Indeterminate heirloom types that are tasty but manageable in 5-7 gallon containers: STUPICE, good strain from Sandhill Preservation Center. Ditto PALLA A FUOCCO. Stupice yields are fine.

Indeterminates with short internodes

Determinate:

the plant terminates in fruit cluster after a certain number have formed. The plant remains relatively short and amenable to 5, 7, 10 gallon pots & grow bags [Peaceful Valley Supplies]

Bush Beefsteak, Bush Whopper,

http://www.tomatogrowers.com/early.htm

will give you many ideas for early sorts; a few main crop suggestions for slicers:

Bush Champion VFFA Hybrid #2768

Tomande VFFNT Hybrid #3460

Margo VFFT Hybrid #3095

Martino's Roma #6809 great paste & fresh, an heirloom introduced by a friend

Momotaro #514 not compact, manageable.

Indian Stripes not compact, an interesting Cherokee Purple, higher yielding in pots.

Sungold F1 not doterminate but very manageable, yields well & early in containers.

Sweet Baby Girl Hybrid #6233 compact & and as above

Size and type of pot :

Note that i am not an advocate for any brand. I am merely offering you ideas feasible or the gardener who wants to grow 2-8 tomatoes without too much of a hassle. Well-grown plants can yield more than 60lbs a piece, but 40lbs/plant feasible for many varieties in a 15 gal pot.

Pot

Gal Size VolCu.Yds VoCu Ft

#1 0.005 0.13

#2 0.010 0.26

#3 0.015 0.39

#5 0.025 0.69

#7 0.035 0.94

#10 0.054 1.45

#15 0.079 2.14

#20 0.098 2.64

http://www.smartpots.com/how-much-mix-or-medium-do-i-need

Type of medium:

should be PROMIX brand outdoor MIX type plus a little sterilzed manure to start your hobby, NOT soil based but a POTTING MIX. This will absorb the right amount of water and depending on the size of the plant, either an ordinary cage + 3 six fet thin bamboo canes sold in garden stores for about $2 will handle most well-behaved tomatoes such as many hybrids, many cherries, many bush types.

Feed adequately but on the spare side with weak compost+ manure tea, alfalfa pellets [horse, not rabbit], fish emulsion etc. Lush growth can lead to branches breaking in container gardening no matter the type of support or cage used, subjected to wind gusts or sudden storms when heavy with fruit. The points where the branches are tied to the cages + canes etc. become pivots for the branches, and a lot of fruit can be damaged in a single afternoon's squall.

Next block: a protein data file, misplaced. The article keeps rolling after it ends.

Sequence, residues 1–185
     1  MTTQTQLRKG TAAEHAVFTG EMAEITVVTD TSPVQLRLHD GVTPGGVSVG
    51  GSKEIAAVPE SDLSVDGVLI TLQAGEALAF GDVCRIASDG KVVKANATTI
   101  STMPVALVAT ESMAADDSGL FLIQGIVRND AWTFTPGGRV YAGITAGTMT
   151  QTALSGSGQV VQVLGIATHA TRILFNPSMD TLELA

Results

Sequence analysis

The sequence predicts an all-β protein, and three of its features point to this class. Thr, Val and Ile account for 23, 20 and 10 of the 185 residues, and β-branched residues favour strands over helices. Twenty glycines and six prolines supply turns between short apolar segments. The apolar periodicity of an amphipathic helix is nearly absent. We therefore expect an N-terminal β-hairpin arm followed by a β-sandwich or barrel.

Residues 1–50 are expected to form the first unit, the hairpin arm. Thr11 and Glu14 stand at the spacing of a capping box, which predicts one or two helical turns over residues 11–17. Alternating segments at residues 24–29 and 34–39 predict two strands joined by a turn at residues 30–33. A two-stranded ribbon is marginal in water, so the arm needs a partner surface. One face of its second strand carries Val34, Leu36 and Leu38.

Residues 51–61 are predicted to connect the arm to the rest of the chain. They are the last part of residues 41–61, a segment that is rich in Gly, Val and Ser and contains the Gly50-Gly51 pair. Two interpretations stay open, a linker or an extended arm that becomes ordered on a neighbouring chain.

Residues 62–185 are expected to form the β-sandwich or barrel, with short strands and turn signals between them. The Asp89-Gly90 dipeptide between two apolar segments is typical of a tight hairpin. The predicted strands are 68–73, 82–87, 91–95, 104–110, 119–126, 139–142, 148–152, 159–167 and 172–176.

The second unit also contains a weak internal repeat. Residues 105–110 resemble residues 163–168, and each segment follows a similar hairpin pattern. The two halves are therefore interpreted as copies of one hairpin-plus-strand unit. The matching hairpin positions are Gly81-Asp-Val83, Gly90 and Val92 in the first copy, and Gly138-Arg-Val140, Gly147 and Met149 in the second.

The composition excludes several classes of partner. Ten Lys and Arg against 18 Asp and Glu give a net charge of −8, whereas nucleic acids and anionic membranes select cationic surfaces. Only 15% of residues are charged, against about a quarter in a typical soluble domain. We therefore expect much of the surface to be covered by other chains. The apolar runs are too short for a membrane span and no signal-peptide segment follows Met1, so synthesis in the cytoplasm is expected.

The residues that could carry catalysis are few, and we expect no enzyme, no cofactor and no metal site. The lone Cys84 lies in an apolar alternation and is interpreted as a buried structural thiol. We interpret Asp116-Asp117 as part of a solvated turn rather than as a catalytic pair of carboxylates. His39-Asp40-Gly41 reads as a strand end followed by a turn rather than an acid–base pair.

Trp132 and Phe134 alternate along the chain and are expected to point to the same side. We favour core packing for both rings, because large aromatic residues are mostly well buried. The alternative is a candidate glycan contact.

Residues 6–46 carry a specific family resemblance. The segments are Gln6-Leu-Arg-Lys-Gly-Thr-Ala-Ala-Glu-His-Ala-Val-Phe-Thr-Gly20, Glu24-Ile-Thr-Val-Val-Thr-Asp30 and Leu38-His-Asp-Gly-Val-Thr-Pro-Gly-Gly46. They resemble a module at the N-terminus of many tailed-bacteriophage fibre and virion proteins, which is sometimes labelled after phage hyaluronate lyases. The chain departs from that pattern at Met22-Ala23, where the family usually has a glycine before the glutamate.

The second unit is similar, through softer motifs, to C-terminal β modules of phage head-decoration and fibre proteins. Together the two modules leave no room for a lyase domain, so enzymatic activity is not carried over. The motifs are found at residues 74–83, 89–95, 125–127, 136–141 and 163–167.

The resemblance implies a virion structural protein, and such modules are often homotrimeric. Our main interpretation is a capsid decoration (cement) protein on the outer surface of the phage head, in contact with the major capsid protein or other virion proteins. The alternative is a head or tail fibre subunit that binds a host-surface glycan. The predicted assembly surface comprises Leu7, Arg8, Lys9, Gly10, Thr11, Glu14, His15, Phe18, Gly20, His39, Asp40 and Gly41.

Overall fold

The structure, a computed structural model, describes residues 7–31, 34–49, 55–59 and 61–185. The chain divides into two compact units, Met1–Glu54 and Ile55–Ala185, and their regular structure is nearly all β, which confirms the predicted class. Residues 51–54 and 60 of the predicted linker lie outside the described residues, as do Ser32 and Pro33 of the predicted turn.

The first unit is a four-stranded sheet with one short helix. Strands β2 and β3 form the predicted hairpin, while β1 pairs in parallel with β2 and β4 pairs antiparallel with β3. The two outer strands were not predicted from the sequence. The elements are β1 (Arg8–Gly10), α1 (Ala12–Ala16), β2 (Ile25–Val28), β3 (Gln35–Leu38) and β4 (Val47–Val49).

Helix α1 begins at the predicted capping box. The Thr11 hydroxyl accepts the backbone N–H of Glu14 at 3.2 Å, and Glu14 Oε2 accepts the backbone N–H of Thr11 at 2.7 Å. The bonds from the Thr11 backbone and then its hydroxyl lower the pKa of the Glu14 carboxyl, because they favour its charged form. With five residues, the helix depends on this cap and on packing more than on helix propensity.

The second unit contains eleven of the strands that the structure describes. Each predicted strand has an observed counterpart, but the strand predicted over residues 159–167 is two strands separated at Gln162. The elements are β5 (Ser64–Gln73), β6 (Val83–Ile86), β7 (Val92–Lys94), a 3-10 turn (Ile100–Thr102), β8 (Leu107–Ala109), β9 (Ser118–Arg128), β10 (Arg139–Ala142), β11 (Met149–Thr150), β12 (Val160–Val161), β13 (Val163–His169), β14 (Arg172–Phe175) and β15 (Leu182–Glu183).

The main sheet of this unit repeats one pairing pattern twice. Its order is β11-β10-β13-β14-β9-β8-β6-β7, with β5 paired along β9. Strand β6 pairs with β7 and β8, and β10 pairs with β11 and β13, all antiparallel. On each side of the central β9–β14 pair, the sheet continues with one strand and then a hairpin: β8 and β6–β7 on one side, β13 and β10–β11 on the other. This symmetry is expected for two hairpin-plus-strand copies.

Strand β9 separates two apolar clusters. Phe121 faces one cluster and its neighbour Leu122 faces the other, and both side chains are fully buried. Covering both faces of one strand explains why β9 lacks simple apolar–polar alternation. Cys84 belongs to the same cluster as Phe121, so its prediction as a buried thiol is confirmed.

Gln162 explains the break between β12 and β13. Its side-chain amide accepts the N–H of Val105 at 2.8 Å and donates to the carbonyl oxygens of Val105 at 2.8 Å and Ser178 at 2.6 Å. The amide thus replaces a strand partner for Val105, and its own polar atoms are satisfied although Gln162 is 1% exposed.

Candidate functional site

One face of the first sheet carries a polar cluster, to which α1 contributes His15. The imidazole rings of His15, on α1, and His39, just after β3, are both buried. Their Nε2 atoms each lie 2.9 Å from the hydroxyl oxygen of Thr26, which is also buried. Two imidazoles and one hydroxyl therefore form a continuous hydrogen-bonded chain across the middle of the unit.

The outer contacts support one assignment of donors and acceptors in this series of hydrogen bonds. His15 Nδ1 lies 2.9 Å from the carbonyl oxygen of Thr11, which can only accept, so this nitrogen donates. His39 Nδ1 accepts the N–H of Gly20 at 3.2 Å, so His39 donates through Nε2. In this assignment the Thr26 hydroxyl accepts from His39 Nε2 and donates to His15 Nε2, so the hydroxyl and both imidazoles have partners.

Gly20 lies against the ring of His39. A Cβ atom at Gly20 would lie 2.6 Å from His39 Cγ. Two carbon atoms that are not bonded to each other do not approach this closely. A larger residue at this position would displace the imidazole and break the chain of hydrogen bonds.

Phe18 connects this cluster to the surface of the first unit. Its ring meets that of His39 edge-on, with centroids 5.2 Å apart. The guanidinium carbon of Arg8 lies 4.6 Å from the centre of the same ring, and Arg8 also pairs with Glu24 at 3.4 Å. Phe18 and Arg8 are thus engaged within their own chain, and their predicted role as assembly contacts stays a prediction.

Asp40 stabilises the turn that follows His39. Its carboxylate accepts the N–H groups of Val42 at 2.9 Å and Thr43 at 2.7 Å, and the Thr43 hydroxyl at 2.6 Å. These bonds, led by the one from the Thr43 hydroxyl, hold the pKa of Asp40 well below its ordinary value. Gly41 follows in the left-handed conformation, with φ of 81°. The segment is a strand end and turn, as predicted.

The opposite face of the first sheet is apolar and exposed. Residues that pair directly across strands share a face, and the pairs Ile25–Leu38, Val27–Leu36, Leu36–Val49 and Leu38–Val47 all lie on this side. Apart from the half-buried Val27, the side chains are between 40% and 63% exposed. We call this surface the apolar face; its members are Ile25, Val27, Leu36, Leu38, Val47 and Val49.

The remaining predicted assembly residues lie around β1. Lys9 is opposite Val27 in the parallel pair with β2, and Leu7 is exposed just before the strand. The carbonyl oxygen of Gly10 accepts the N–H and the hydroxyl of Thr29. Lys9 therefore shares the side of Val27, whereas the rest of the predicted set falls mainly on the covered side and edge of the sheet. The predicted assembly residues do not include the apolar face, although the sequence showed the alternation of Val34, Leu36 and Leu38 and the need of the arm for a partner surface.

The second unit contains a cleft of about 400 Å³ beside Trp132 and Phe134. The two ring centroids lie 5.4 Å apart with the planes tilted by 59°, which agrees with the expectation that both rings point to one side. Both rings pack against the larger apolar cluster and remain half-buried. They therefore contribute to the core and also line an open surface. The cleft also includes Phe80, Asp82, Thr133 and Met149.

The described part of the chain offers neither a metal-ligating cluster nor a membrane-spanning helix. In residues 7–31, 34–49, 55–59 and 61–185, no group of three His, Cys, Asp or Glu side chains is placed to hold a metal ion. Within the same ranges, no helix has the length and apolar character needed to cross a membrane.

Where the pot is situated :

1)subjected to winds: on porch, roof deck? open lawn? sudden storms can damage laden plants, topple plastic pots as cages intertwined by tomato vines behave like sails.

2) direction of sun: e.g. black plastic, west, late afternoon sun, uneven drying of medium, will create imbalances on loaded plant and type of cage used. Going with non-plastic alternatives like gro-bags or using wettable aprons on plastic in hot climates helps growth and sudden toppling over and breaking of stems that are very brittle when laden with fruit.

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MN gardening report. This summer, we, although the USDA says we're zone 5, seem to be zone 4a or maybe 3B.

I'm thinking its going to be a month before we're going to see a ripe tomato. Our "perfect sleeping weather" (think mid-50's), I think is the culprit.

A trip to S. MN today reveals that while they are ahead of us, the peas still look good, and there's maybe a thread of a bean to be found.

My beloved sweet corn (hands down, my favorite food) -- well, I'm just hoping we see it for my August 2 birthday.

It's disappointing. I've done everything right, but just can account for the spring that won't end.

Susan Fahning aka "snowangel"
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One other approach to mint - if you live in a place where summers are dry, you can contain mint with driness. I have a big wall in the back yard out of which a spring runs. It keeps a particular area constantly moist; even if the surface looks a bit dry it's always moist farther down. It's also shady there, so I can't grow much else in that area. Mint likes it, so I plant it there. It runs to the point where the soil is drier than its liking, and that's where my path is. So it's dry and also gets foot traffic, and the mint behaves. A strong word perhaps

A garden report - I didn't plant the okra in the end, because my squash did so well that there was no room! I've got three - the Marina di Chioggia mentioned above, a French heirloom called Rouge Vif d'Etampes (both C. maxima) and a Japanese C. moschata variety called Futsu. The Rouge Vif d'Etampes is also called "Cinderella" in the US. Had one big one coming on but some creature bit through the stem one night. More on the way though, and unripe winter squash are every bit as good as summe squash. I'm especially looking forward to the Futsu - both for the visual quality of the almost black, ribbed fruits, and the flavor which is reported to resemble hazelnut. I got them in quite late and they lagged a bit but are not making up for lost time and growing a foot or so a day...! It's leaves are also especially beautiful with their symmetrical white mottling.

I think I'm becoming a squash addict, if you have the space there is nothing more impressive than really robust squash vines bounding through the garden. They satisfy both the vegetable and ornamental gardener sides of me. We collect flowers every morning and either fry them, or save them for a couple days for a batch of dolma.